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Fate Of South Coast Based Humanitarian Project In Afghanistan Up In Air

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James Rolfe
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Dental students in Afghanistan learn how to do x-rays through a program created by Santa Barbara County dentist Dr. James Rolfe.

Santa Barbara County-based project, which provided dental care to more than 200,000 people in Afghanistan, is in jeopardy.

He’s a South Coast dentist with a modest office just off of Patterson Avenue in Santa Barbara. He's been helping people on the South Coast with dental issues for decades.

But Dr. James Rolfe has dedicated much of his life to also helping others in need halfway around the world. The U.S. first intervened in Afghanistan in 2001, after 9/11. In 2003, Rolf went to the war-torn country to get a first hand look at the situation and to see what he could do to help the country’s people.

"I decided to just actually go there, and see for myself what it was all about," said Rolfe. "I put together a portable dental office, and went to Kabul. I saw people who had seven or eight abscessed teeth. And I thought why don't these people have their abscessed teeth removed? I found that their only option was to go to a barber, and have the tooth removed without anesthetic."

That trip led to Rolfe creating the non-profit Afghanistan Dental Relief Project.

"I came back to Santa Barbara, I bought a 40 foot shipping container, and I converted it into a three chair dental office," said Rolfe. "And then I sent it over there, and I found a dentist and trained him and a nurse to operate it."

He then created a school to train dental technicians.

The program has now been up and running for 18 years. He even figured out a way to make it self-sufficient. There are two clinics. One offers high-end dental care for those who can afford it. The second is free, but it subsidized by the the pay for services clinic. The program has served more than 200,000 people during its history.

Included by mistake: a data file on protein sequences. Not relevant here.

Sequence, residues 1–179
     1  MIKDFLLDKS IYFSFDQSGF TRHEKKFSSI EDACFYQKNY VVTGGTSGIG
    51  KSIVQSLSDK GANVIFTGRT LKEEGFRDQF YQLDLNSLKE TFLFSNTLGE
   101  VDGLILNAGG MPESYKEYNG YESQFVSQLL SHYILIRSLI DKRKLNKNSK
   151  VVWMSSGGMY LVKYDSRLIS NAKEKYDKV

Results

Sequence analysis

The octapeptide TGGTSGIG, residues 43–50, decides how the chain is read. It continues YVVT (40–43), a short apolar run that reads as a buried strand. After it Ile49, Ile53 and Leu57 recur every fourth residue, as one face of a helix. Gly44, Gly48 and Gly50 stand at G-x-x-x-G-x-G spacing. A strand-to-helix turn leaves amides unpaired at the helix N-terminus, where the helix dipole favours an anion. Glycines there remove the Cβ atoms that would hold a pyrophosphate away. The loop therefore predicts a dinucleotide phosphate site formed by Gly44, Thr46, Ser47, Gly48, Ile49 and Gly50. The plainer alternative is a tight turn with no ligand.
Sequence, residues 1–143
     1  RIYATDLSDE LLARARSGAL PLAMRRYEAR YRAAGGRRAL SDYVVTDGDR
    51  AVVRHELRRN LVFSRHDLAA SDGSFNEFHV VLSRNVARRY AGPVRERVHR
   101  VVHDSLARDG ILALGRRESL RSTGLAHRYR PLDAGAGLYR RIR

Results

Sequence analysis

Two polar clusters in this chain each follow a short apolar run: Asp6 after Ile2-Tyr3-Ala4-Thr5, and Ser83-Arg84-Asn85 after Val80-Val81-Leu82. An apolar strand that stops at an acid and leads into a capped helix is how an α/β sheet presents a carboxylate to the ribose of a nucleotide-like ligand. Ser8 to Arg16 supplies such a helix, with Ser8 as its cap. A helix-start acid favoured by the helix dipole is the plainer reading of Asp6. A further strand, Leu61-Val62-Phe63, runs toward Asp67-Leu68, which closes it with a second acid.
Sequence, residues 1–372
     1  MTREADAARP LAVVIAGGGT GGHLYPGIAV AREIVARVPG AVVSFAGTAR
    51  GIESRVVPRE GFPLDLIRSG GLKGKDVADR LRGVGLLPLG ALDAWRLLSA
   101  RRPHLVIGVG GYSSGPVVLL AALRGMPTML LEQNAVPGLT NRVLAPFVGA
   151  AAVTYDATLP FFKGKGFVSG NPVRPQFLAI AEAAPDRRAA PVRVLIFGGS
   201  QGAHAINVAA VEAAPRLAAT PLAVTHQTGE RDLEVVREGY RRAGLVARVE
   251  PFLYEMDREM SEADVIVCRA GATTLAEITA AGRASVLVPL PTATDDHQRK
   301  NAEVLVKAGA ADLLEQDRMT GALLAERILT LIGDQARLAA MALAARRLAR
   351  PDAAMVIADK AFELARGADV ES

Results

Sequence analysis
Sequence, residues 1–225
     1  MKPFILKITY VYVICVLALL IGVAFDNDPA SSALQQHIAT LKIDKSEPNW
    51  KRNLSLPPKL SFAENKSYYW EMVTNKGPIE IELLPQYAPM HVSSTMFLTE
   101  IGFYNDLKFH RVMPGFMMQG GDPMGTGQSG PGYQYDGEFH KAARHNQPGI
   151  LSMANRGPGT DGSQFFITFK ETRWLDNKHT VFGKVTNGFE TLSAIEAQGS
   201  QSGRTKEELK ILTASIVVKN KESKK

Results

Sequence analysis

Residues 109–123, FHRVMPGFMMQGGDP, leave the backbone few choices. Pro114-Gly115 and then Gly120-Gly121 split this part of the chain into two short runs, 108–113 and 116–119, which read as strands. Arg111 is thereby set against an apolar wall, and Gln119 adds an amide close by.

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Photo courtesy Afganistan Dental Relief Project
Goleta dentist Dr. James Rolfe in one of the dental offices he helped create in Afghanistan

It was sometimes dangerous work. The dentist pulls out a cardboard box filled with chunks of metal. They are shards of metal from car bombs which exploded near him.

When he visited in recent years, staff members wouldn't even let him go to a store by himself, and would instead send someone to pick up food. But, that didn't stop him from returning again and again to Afghanistan.

But now, with the Taliban takeover of the country, the dental project is in limbo. He says most of the dentists, and other staff members are women. Because the Taliban have historically not allowed women to work in key professional jobs, or even drive, the clinics are closed,

Rolfe says they’ve trained about 80 dentists, and other key staff members, and well as hundreds of other people who worked as assistants. He says when things got bad a couple of weeks ago, they tried send some staff members to the airport in Kabul to see if they could get out. Rolfe says they never made it past the airport's gates.

The dentist says like many, he’s worried about Afghanistan’s future. He thinks the Taliban may be in over their heads when it comes to running a government. But, he's hopeful that the new government will realize the important, and value of the clinics, and allow then to reopen.

Rolfe says with bank accounts frozen, and borders closed, it’s unrealistic to think that those involved with the dental project will be able to get out of Afghanistan. He’s trying to send what money he can to help staff members survive, as they remain mostly huddled in their homes.

More information on the Afghanistan Dental Relief Project